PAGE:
DotCom bets: they just got more complicated.

By Eric Crampton 12/02/2014


iPredict has a contract that pays $0.10 for every 1% of the vote earned by the yet-to-be-formed Kim DotCom Internet Party. The contract’s price then is the market’s expectation of the party’s vote share.

But not anymore.

We now have a ridiculously complicated contract. Here’s what you’re trading on, if you’re buying this contract.

So, what the hell should you pay for a contract that pays $0.10 for every 1% of the vote earned by the yet-to-be-formed Kim DotCom Internet Party?
Let’s label a few terms and make a few guesses. 
  • Pp is the probability that there is a Party, say 0.8.
  • Ps is the probability that DotCom really would kill the party if it doesn’t poll 5% prior to the election, say 0.75
  • Vh is the expected vote share conditional on a poll result of 5% prior to the deadline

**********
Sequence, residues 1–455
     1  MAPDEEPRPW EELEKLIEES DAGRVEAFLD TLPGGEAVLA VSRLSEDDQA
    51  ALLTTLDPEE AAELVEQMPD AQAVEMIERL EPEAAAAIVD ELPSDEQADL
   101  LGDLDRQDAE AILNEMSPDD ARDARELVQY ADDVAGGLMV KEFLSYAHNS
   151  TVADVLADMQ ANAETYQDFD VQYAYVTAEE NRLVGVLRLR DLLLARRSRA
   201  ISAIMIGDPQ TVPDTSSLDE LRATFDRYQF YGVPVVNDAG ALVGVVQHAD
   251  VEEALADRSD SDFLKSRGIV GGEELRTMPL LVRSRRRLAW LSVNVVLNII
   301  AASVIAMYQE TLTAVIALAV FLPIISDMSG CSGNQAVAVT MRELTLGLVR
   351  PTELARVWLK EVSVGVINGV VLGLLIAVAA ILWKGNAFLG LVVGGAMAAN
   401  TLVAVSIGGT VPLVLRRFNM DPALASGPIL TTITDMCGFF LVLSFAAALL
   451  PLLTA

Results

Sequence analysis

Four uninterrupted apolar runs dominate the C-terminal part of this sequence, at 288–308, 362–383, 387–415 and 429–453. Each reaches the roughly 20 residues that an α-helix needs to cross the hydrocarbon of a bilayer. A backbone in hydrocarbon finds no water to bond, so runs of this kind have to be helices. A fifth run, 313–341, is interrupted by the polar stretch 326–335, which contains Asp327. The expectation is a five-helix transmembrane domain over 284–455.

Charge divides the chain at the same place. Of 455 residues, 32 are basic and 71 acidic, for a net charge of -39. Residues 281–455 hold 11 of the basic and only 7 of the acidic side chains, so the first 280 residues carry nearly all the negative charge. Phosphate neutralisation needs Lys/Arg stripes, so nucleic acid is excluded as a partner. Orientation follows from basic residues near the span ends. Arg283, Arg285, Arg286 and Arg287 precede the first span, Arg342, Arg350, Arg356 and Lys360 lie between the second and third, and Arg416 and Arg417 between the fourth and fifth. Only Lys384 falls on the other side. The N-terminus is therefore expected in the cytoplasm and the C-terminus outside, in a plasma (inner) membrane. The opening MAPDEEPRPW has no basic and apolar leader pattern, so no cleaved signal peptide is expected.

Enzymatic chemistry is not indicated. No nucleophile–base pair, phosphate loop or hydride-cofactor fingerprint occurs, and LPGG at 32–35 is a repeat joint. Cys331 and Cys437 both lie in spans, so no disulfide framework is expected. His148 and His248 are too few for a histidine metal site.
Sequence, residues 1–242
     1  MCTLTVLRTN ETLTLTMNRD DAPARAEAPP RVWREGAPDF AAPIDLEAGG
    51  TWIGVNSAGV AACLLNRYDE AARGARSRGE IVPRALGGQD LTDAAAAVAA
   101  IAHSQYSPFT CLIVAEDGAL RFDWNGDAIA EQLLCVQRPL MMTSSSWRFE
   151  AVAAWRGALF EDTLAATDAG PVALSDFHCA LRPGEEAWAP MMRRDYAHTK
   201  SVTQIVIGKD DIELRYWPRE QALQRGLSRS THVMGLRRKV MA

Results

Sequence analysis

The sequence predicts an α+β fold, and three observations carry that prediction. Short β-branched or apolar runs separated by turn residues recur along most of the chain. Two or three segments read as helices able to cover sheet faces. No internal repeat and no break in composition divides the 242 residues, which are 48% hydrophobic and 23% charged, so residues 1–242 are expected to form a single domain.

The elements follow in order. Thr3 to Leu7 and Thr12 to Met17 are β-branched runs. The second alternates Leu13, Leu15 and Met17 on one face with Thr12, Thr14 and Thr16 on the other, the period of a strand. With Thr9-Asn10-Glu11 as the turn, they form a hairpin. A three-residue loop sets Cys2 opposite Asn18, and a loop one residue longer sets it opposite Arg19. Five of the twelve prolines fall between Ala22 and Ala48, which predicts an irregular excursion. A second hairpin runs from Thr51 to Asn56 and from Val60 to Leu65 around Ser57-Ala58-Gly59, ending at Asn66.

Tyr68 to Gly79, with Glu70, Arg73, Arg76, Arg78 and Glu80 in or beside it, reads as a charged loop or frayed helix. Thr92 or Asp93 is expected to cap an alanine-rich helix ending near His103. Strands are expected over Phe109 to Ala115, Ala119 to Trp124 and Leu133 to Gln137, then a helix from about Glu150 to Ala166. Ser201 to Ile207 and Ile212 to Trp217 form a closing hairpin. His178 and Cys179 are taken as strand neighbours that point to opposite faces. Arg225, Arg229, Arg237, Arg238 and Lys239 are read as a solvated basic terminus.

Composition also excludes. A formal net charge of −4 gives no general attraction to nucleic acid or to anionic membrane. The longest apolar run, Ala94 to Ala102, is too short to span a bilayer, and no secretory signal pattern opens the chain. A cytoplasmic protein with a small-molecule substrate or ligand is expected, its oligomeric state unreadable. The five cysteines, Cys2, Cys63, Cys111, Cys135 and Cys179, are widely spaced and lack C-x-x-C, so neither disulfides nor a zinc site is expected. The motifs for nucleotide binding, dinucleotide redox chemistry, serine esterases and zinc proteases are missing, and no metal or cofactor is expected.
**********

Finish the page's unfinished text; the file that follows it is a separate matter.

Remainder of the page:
• This one’s hard to ballpark. You could make an argument for pegging it lower than 5% because a single outlier poll could be sufficient for his going ahead. But I expect that the state of the world in which he can get a single >5% figure is the state of the world in which we’ve had substantial GCSB revelations affecting NZ; in that state of the world, I’d put even odds on 5%. And so I’ll stick it at 5, or $0.50 in iPredict prices.
  • Vl is the expected vote share conditional on no polling result of 5% prior to the deadline.
    • I’ll peg this at 0.5%. If he goes ahead despite no polling result above 5%, credibility’s shot. And it’s also the state of the world in which there’s no substantial GCSB revelations. So $0.05 in iPredict prices.
  • Pt is the probability that the Internet Party polls at least 5% prior to the deadline.
    • I’ll peg this at at even odds IF we get substantial GCSB revelations during the election campaign, and nil otherwise. Supposing even odds on substantial revelations, that gives us 25%.
The expected value of the contract is then:
Pp*[[Ps*[(Pt*Vh)+((1-Pt)*0)]+[(1-Ps)*[(Pt*Vh)+((1-Pt)*Vl)]]]
Using my rough ballpark estimates, that’s then:
0.8*[[0.75*((0.25*$0.5)+0)]+[0.25*[0.25*$0.5+0.75*$0.05]]]
= 0.8*($0.09375+.25*$0.04375)
= 0.8*$0.1375
= $0.11